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Saturday, October 23, 2021

US-Taliban talks conclude, Sydney reopens after 107 days: 5 overnight developments from around the globe

Good morning! Begin your day with five key overnight stories from around the world.

By: Express Web Desk | New Delhi |
Updated: October 11, 2021 10:50:11 am
Police officers patrol through the quiet Central Station in the city centre during a lockdown to curb the spread of a coronavirus disease outbreak in Sydney, Australia. (Reuters photo)

Here is a round-up of the top developments around the world today.

US says first face-to-face talks with Taliban were ‘candid and professional’

The United States on Sunday said that the first face-to-face meeting between senior US and Taliban officials since the hardline group retook power in Afghanistan were “candid and professional.” In the meeting, the US side reiterated that the Taliban would be judged on their actions, not just their words, Reuters reported.

The things in focus: State Department spokesman Ned Price said the meet focused on security and terrorism concerns and safe passage for U.S. citizens, other foreign nationals and Afghans, as well as on human rights, including the meaningful participation of women and girls in all aspects of Afghan society.

Czech president hospitalized a day after elections; Could affect forming new govt

Czech Republic’s President Milos Zeman is admitted to the Military hospital in Prague, Czech Republic, Sunday, Oct. 10, 2021. (AP Photo/Petr David Josek)

Czech President Milos Zeman was rushed to the hospital Sunday, a day after the country held a parliamentary election in which populist Prime Minister Andrej Babis’ party surprisingly came in second.

“The reason for his hospitalization are the complications that accompany the chronic disease for which we treat him here,” said Dr. Miroslav Zavoral, the director of the clinic. He declined to elaborate.

Zeman had a key role in establishing a new government. The Czech presidency is largely ceremonial but the president chooses which political leader can try to form the next government.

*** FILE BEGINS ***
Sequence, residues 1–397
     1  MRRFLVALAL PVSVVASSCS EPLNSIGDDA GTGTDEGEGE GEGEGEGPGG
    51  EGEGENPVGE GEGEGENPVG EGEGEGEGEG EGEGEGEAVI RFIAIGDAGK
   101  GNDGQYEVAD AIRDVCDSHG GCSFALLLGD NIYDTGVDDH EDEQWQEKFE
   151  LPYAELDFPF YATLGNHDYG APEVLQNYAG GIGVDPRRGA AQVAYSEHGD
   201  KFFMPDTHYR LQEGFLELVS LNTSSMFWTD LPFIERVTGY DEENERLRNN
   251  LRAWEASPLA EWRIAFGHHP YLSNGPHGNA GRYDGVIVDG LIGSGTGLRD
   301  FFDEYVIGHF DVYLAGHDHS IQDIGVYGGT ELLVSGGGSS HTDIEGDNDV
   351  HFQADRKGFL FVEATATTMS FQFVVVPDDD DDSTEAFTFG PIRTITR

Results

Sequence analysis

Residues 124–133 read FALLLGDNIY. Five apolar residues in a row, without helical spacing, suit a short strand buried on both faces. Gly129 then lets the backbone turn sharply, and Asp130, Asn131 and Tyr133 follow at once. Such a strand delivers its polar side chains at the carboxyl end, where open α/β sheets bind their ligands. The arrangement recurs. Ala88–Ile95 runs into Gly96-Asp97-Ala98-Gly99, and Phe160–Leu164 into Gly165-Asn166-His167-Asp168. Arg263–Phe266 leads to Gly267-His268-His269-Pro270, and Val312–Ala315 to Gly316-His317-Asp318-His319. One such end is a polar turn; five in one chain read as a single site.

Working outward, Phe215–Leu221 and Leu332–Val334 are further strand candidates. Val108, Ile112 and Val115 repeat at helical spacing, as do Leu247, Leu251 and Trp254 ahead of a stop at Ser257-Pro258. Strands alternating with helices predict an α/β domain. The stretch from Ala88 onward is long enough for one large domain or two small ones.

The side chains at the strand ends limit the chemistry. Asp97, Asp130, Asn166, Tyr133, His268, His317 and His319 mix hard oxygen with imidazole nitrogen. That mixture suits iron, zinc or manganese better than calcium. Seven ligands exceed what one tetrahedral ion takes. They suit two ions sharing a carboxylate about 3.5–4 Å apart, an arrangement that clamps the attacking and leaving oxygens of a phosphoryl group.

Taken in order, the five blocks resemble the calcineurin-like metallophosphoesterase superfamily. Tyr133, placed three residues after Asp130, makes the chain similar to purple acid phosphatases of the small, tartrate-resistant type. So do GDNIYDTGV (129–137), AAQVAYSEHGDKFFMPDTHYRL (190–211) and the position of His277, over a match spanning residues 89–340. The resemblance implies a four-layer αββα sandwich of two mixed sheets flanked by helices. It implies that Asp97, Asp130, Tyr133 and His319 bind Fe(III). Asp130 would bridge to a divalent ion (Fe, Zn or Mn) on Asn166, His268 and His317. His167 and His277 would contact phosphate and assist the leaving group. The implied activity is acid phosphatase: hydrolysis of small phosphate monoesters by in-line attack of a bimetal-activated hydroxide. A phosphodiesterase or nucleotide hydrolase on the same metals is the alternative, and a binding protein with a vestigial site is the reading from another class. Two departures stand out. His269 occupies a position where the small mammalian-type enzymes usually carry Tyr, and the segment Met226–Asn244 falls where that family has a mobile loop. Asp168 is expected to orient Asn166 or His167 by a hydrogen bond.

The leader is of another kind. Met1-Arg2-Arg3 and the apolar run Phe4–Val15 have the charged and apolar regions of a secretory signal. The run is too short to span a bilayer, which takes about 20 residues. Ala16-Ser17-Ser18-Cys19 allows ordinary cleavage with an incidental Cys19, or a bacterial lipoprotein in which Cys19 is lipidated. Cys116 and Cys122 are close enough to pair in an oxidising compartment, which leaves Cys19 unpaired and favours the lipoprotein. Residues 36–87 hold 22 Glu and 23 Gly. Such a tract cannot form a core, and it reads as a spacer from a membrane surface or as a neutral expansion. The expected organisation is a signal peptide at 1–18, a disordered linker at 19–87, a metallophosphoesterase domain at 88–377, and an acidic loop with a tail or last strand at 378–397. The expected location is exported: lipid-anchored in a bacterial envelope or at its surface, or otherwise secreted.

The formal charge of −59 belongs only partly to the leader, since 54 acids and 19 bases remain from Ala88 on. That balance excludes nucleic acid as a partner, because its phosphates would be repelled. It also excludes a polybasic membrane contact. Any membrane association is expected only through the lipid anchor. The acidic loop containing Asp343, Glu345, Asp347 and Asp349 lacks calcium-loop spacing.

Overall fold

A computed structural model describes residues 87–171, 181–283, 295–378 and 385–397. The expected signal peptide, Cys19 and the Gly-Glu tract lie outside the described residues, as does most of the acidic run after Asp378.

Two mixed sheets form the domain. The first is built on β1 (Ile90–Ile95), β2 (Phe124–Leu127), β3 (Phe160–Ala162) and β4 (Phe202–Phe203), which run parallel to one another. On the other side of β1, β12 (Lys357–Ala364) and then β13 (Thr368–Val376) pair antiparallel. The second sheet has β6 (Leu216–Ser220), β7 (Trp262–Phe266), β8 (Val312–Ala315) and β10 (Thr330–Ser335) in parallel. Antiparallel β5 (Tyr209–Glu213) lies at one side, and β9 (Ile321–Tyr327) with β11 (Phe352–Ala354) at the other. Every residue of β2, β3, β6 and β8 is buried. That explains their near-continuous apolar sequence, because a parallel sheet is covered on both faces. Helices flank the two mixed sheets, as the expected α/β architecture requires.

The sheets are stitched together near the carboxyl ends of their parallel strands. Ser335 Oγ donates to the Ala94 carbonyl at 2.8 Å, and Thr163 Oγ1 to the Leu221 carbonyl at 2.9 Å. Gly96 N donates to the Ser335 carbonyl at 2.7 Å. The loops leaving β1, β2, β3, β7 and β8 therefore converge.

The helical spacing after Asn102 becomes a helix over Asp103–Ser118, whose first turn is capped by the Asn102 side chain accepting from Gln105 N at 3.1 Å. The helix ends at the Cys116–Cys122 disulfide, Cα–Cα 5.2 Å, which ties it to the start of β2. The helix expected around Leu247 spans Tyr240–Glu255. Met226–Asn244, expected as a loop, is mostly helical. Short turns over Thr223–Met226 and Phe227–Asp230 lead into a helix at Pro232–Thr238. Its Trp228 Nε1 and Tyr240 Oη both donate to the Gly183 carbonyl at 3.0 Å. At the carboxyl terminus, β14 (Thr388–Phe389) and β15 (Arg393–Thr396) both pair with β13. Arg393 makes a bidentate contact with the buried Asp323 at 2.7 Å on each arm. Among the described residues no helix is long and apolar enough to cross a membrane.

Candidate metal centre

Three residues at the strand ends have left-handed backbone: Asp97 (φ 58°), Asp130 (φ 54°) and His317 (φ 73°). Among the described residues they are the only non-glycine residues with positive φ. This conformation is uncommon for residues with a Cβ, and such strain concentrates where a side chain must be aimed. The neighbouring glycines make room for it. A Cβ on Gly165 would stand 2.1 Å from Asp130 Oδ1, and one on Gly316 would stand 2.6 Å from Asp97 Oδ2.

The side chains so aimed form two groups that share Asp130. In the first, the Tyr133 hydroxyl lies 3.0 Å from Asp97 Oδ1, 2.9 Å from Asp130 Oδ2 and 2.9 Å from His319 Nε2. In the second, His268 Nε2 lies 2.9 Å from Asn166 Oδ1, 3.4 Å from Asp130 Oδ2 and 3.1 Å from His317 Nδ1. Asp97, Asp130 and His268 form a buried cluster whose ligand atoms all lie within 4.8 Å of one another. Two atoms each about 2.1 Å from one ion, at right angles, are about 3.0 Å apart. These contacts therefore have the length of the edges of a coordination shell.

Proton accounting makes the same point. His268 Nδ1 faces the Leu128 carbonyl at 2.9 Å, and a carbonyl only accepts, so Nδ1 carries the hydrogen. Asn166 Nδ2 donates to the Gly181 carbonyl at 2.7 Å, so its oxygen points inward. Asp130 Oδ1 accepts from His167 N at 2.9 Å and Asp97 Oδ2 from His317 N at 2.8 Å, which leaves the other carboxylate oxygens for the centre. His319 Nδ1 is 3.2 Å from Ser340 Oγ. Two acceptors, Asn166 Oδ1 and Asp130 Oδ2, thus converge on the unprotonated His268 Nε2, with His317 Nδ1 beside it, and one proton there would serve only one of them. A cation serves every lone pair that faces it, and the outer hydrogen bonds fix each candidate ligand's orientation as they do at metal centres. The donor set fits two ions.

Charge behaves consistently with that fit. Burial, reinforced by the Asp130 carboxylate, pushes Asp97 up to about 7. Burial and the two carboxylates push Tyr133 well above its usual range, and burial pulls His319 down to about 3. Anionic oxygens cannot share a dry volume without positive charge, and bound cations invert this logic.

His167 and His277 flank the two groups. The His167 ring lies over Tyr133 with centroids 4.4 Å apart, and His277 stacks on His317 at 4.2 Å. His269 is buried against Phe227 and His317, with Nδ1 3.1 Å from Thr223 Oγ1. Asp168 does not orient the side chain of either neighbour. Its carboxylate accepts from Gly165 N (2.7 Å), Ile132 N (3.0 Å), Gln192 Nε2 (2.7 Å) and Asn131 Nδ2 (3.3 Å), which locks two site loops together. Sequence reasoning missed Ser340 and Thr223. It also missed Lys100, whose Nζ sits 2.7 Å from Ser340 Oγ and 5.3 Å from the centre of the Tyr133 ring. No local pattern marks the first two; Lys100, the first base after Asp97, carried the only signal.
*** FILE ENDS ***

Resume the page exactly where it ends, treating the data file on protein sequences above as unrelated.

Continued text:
Sydney re-opens after 107 days of covid-19 lockdown

Sydney’s cafes, gyms and restaurants welcomed back fully vaccinated customers on Monday after nearly four months of lockdown, as Australia aims to begin living with the virus and gradually reopen the country.

A person in protective face mask walks along the harbour waterfront across from the Sydney Opera House during a lockdown to curb the spread of coronavirus disease (COVID-19) outbreak in Sydney, Australia, October 6, 2021. (Reuters Photo: Loren Elliott)

Some pubs in Sydney opened at midnight and friends and families huddled together for a midnight beer, television footage and social media images showed.

“I see it as a day of freedom, it’s a freedom day,” New South Wales (NSW) state Premier Dominic Perrottet told reporters in Sydney, the state capital. Perrottet also warned that infections would rise after reopening, and virus-free states such as Western Australia and Queensland are watching what living with COVID-19 is going to look like amid concerns health systems could be overwhelmed.


N.Korea’s Kim calls for improving people’s lives amid ‘grim’ economy

North Korean leader Kim Jong Un. (Reuters/File)

North Korean leader Kim Jong Un urged officials to focus on improving citizens’ lives in the face of a “grim” economic situation, state media reported on Monday. This comes as he marked the anniversary of the country’s ruling party.

To celebrate the 76th anniversary of the founding of the Workers’ Party of Korea on Sunday, Kim made a speech to a gathering of officials, the KCNA news agency said.

Art performances, galas, and a fireworks show were held in Pyongyang, but no large military parade, which are sometimes held on such occasions, was reported.North Korea’s economy has been battered by years of sanctions over its nuclear and weapons programmes, and heavy rains and floods have also taken a toll.

Indigenous leaders call for stronger rights as UN nature summit begins

Marrakesh meet, Paris Agreement, climate change, Paris climate pact, global warming, pollution, donald trump rule, climate change agreement, indian express, world news, latest news Indigenous people from the Mesoamerican Alliance of Peoples and Forests stage a demonstration at the conference in Marrakesh in Morocco. Reuters photo

Indigenous peoples in the Amazon rainforest have a clear message for decision-makers ahead of two global environment conferences: respect our land and human rights to slow climate change and protect biodiversity.

About 195 countries are expected to finalise a new pact to safeguard the planet’s plants, animals and ecosystems at the two-part COP15 UN summit, which starts on Monday. The conference will be held virtually and conclude in May 2022 in Kunming, China.

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